Concurrent validity and reliability of suicide risk assessment instruments: a meta analysis of 20 instruments across 27 international cohorts

Adrian I. Campos, Laura S. Van Velzen, Dick J. Veltman, Elena Pozzi, Sonia Ambrogi, Elizabeth D. Ballard, Nerisa Banaj, Zeynep Başgöze, Sophie Bellow, Francesco Benedetti, Irene Bollettini, Katharina Brosch, Erick J. Canales-Rodríguez, Emily K. Clarke-Rubright, Lejla Colic, Colm G. Connolly, Philippe Courtet, Kathryn R. Cullen, Udo Dannlowski, Maria R. DauvermannChristopher G. Davey, Jeremy Deverdun, Katharina Dohm, Tracy Erwin-Grabner, Roberto Goya-Maldonado, Negar Fani, Lydia Fortea, Paola Fuentes-Claramonte, Ali Saffet Gonul, Ian H. Gotlib, Dominik Grotegerd, Mathew A. Harris, Ben J. Harrison, Courtney C. Haswell, Emma L. Hawkins, Dawson Hill, Yoshiyuki Hirano, Tiffany C. Ho, Fabrice Jollant, Tanja Jovanovic, Tilo Kircher, Bonnie Klimes-Dougan, Emmanuelle le Bars, Christine Lochner, Andrew M. McIntosh, Susanne Meinert, Yara Mekawi, Elisa Melloni, Philip Mitchell, Rajendra A, Morey, Akiko Nakagawa, Igor Nenadić, Emilie Olié, Fabricio Pereira, Rachel D. Phillips, Fabrizio Piras, Sara Poletti, Edith Pomarol-Clotet, Joaquim Radua, Kerry J. Ressler, Gloria Roberts, Elena Rodriguez-Cano, Matthew D. Sacchet, Raymond Salvador, Anca-Larisa Sandu, Eiji Shimizu, Aditya Singh, Gianfranco Spalletta, Douglas Steele, Dan J. Stein, Frederike Stein, Jennifer S. Stevens, Giana I. Teresi, Aslihan Uyar-Demir, Nic J. van der Wee, Steven J. van der Werff, Sanne J. H. van Rooij, Daniela Vecchio, Norma Verdolini, Eduard Vieta, Gordon D. Waiter, Heather C. Whalley, Sarah L. Whittle, Tony T. Yang, Carlos A. Zarate Jr., Paul M. Thompson, Neda Jahanshad, Anne-Laura van Harmelen, Hilary P. Blumberg, Lianne Schmaal, Miguel E. Renteria (Lead / Corresponding author)

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Objective: A major limitation of current suicide research is the lack of power to identify robust correlates of suicidal thoughts or behavior. Variation in suicide risk assessment instruments used across cohorts may represent a limitation to pooling data in international consortia. Method: Here, we examine this issue through two approaches: (a) an extensive literature search on the reliability and concurrent validity of the most commonly used instruments and (b) by pooling data (N ∼ 6,000 participants) from cohorts from the Enhancing NeuroImaging Genetics Through Meta-Analysis (ENIGMA) Major Depressive Disorder and ENIGMA–Suicidal Thoughts and Behaviour working groups, to assess the concurrent validity of instruments currently used for assessing suicidal thoughts or behavior. Results: We observed moderate-to-high correlations between measures, consistent with the wide range (κ range: 0.15–0.97; r range: 0.21–0.94) reported in the literature. Two common multi-item instruments, the Columbia Suicide Severity Rating Scale and the Beck Scale for Suicidal Ideation were highly correlated with each other (r = 0.83). Sensitivity analyses identified sources of heterogeneity such as the time frame of the instrument and whether it relies on self-report or a clinical interview. Finally, construct-specific analyses suggest that suicide ideation items from common psychiatric questionnaires are most concordant with the suicide ideation construct of multi-item instruments. Conclusions: Our findings suggest that multi-item instruments provide valuable information on different aspects of suicidal thoughts or behavior but share a modest core factor with single suicidal ideation items. Retrospective, multisite collaborations including distinct instruments should be feasible provided they harmonize across instruments or focus on specific constructs of suicidality.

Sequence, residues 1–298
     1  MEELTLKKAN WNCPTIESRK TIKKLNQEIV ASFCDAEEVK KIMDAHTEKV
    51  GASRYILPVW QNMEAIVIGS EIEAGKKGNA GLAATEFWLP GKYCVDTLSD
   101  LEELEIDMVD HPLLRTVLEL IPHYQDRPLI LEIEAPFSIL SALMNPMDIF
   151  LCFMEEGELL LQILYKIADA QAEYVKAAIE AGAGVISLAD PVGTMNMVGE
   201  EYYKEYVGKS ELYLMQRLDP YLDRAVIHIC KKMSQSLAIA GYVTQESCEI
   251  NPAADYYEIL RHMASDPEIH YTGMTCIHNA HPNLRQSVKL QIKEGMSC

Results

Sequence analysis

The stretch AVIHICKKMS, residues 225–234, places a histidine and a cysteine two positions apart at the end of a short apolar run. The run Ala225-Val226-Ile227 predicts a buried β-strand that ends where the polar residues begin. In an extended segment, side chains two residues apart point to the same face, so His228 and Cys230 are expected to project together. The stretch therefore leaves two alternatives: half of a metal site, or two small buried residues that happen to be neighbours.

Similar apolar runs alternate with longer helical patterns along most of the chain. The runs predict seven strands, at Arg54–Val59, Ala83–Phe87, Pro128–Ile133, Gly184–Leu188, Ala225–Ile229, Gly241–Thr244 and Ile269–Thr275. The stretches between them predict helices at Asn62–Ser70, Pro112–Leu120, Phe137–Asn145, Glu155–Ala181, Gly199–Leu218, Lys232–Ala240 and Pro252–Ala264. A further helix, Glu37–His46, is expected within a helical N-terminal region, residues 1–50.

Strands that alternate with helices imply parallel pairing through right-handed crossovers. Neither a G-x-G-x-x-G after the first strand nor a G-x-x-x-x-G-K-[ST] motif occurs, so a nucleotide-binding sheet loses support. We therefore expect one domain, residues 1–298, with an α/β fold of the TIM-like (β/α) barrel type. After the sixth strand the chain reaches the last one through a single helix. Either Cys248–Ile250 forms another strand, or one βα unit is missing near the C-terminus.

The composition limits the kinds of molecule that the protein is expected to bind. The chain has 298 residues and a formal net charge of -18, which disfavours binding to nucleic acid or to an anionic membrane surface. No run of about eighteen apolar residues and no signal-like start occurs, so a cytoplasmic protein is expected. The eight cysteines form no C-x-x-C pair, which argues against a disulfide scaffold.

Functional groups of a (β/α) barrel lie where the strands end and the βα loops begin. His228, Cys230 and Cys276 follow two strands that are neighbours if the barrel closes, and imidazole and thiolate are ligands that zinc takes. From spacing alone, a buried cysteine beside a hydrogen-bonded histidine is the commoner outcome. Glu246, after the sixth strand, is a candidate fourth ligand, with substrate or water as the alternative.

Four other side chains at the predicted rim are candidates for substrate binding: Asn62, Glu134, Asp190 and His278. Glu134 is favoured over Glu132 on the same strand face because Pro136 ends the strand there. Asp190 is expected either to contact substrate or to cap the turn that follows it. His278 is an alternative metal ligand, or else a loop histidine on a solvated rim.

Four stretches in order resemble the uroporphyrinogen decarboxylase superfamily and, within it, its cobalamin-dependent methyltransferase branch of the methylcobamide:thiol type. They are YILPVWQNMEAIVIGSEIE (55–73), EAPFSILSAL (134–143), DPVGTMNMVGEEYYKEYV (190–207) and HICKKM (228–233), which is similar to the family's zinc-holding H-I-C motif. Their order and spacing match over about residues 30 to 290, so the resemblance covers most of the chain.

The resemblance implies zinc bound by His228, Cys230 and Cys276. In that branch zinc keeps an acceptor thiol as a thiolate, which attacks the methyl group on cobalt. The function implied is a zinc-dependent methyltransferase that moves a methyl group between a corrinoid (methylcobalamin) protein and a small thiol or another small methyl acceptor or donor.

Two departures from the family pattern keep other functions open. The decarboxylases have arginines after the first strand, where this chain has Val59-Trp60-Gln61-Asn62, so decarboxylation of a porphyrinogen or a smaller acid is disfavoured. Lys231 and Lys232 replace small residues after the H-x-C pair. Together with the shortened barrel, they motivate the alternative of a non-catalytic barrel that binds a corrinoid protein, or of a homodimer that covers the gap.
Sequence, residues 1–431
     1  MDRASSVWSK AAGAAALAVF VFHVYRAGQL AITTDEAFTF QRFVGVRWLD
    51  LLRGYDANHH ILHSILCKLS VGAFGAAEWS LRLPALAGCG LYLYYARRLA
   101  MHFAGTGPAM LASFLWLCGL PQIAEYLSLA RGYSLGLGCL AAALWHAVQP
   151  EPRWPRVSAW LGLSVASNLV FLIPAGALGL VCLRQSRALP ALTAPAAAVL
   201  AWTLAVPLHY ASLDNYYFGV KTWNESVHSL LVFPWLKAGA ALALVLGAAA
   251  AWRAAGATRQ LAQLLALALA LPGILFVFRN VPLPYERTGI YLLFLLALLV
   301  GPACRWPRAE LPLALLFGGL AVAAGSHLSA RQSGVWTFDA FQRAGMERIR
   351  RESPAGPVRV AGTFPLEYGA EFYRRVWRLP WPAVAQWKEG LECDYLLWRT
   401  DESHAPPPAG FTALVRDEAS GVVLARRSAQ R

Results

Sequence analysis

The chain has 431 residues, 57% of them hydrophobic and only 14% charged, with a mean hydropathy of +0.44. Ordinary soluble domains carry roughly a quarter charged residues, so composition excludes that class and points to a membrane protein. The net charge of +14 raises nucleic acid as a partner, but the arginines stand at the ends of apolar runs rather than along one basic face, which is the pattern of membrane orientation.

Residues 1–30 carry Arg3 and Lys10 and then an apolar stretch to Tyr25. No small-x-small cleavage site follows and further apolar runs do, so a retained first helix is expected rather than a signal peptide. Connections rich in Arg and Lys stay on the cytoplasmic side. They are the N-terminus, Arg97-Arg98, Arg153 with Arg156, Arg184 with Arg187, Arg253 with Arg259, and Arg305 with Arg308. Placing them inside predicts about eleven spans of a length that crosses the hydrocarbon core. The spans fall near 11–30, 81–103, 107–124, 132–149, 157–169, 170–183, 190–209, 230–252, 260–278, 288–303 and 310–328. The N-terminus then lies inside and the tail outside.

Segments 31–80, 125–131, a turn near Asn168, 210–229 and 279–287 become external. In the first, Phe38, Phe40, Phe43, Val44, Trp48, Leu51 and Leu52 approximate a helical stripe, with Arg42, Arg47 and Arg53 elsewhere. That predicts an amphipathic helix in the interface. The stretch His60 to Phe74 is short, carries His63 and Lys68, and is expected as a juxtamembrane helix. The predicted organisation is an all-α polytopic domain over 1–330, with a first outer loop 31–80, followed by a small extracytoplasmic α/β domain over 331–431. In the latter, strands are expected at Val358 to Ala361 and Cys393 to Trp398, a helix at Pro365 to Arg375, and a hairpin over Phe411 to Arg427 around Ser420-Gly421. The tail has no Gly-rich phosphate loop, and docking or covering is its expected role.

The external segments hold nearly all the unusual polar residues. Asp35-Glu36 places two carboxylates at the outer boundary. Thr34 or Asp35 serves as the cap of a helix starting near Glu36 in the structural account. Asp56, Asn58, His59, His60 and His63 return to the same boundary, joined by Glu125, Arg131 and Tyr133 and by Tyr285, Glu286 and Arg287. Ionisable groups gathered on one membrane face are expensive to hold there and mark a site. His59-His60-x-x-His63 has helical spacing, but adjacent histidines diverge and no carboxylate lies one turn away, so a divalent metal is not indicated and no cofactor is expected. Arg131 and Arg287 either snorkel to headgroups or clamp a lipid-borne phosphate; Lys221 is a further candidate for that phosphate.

Original languageEnglish
Pages (from-to)315-329
Number of pages15
Issue number3
Publication statusPublished - Mar 2023


  • suicide
  • concurrent validity
  • harmonisation
  • psychometrics
  • instruments
  • harmonization

ASJC Scopus subject areas

  • Neuropsychology and Physiological Psychology


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